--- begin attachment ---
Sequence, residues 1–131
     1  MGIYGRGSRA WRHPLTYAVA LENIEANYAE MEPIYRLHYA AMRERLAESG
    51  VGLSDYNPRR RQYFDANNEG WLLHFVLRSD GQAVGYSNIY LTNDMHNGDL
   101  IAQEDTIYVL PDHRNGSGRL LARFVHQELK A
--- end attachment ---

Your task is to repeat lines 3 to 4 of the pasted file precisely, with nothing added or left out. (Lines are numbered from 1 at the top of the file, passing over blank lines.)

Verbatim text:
    51  VGLSDYNPRR RQYFDANNEG WLLHFVLRSD GQAVGYSNIY LTNDMHNGDL
   101  IAQEDTIYVL PDHRNGSGRL LARFVHQELK A